TypeMatrix EZ-Reach Keyboard Review

Modern sports cars no longer have the gearshift pedals and hand throttle of a Model T, but your PC still has the keyboard layout of an antique mechanical typewriter. And by the way, your mouse is too far away.

No, this review isn’t going to proselytize you about the more efficient Dvorak keyboard layout. The familiar QWERTY arrangement may have been created because early typists were too fast for early typewriters (it reduced jamming by putting many common two-letter combinations on opposite sides rather than adjacent to one another), yet most of us are no more likely to give it up than we are to start speaking Esperanto.

But what if you didn’t have to learn the radical Dvorak layout to take advantage of one of its central benefits — the fact that smaller movements are easier on your fingers and wrists than larger ones? What if the ergonomic or split keyboards you’re probably most familiar with, like the Microsoft Natural series, aren’t really so ergo-friendly after all?

The company that dares to ask these questions is TypeMatrix, and its answer is the $99 TypeMatrix EZ-Reach — a keyboard dedicated to two propositions: Small is beautiful, and your index finger is stronger than your pinky.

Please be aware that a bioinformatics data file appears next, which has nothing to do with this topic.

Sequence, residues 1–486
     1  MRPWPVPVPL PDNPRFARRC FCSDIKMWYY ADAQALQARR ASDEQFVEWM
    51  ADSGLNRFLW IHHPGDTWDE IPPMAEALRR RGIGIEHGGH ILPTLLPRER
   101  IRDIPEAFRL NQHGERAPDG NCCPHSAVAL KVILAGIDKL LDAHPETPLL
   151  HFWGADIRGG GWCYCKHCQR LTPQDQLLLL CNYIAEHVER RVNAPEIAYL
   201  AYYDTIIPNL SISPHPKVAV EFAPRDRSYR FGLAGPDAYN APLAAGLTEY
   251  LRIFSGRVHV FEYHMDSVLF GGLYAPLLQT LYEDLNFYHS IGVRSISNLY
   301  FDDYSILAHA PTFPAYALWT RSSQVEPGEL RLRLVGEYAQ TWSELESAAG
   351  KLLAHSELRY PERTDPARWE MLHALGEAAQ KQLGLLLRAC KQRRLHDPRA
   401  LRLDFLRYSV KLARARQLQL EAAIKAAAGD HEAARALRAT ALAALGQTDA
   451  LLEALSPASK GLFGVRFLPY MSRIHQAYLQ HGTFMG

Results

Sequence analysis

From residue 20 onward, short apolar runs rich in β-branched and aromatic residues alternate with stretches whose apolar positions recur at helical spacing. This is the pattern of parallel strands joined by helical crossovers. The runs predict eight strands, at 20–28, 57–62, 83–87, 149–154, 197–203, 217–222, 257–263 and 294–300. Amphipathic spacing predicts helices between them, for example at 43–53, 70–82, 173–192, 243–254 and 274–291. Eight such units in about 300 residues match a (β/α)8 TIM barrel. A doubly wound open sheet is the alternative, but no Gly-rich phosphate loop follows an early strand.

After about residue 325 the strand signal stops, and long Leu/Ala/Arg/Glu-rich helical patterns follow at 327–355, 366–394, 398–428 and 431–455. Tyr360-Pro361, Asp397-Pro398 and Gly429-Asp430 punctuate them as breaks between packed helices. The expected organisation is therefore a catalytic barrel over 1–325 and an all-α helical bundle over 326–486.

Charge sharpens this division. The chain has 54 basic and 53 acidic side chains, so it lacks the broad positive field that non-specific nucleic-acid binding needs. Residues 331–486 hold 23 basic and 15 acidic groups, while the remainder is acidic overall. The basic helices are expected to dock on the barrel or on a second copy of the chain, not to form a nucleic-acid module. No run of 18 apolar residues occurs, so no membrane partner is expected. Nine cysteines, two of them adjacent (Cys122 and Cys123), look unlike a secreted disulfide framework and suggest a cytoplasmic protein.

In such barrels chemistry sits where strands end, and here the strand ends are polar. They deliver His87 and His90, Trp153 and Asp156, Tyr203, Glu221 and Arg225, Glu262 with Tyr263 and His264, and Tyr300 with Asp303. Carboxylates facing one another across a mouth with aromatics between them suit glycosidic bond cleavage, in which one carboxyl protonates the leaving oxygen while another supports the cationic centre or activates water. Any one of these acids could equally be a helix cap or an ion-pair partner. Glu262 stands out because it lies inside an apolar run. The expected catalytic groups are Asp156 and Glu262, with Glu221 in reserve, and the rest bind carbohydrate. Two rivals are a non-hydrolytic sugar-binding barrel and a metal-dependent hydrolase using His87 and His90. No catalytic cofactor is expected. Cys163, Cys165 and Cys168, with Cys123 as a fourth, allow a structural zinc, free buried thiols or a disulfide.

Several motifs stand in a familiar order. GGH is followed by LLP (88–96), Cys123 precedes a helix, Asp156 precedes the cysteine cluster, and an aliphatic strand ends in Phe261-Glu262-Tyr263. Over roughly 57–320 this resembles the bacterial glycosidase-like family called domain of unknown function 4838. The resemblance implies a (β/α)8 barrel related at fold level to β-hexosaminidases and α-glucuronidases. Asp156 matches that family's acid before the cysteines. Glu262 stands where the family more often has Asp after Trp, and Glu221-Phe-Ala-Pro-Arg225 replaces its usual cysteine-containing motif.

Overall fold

The EZ-Reach compromises between conventional one-piece and most split keyboard designs by separating your hands, but not putting them as far apart or at an angle as other designs do (the latter, according to TypeMatrix, reduce stress in the wrists but can merely relocate it to the arms and shoulders).

It also puts jumbo Tab, Enter, and Backspace keys in the middle instead of at the edges of the board, assigning them to the stronger index fingers. The left and right Shift keys are supersized, too, and the Caps Lock key is stashed in an inner location to eliminate accidental cAPS lOCK.

Just as important, the TypeMatrix is relatively tiny — at 14 by 7 inches, it’s five or six inches shorter and two or three inches shallower than Microsoft’s and other ergonomic whoppers. That means you don’t have to reach as far to use your mouse; indeed, both the keyboard and a mouse can fit in most keyboard trays. When you need a numeric keypad, the Num Lock key toggles (or a Fn key temporarily shifts to) a notebook-style embedded set.

The EZ-Reach is also the next slimmest thing to typing on your desk itself — just 0.6 inch thick, with no prop-up feet. This promotes proper (flat instead of cocked) forearm and wrist posture, and also helps make the 1.6-pound keyboard easy to tuck into a briefcase for transport between home and office.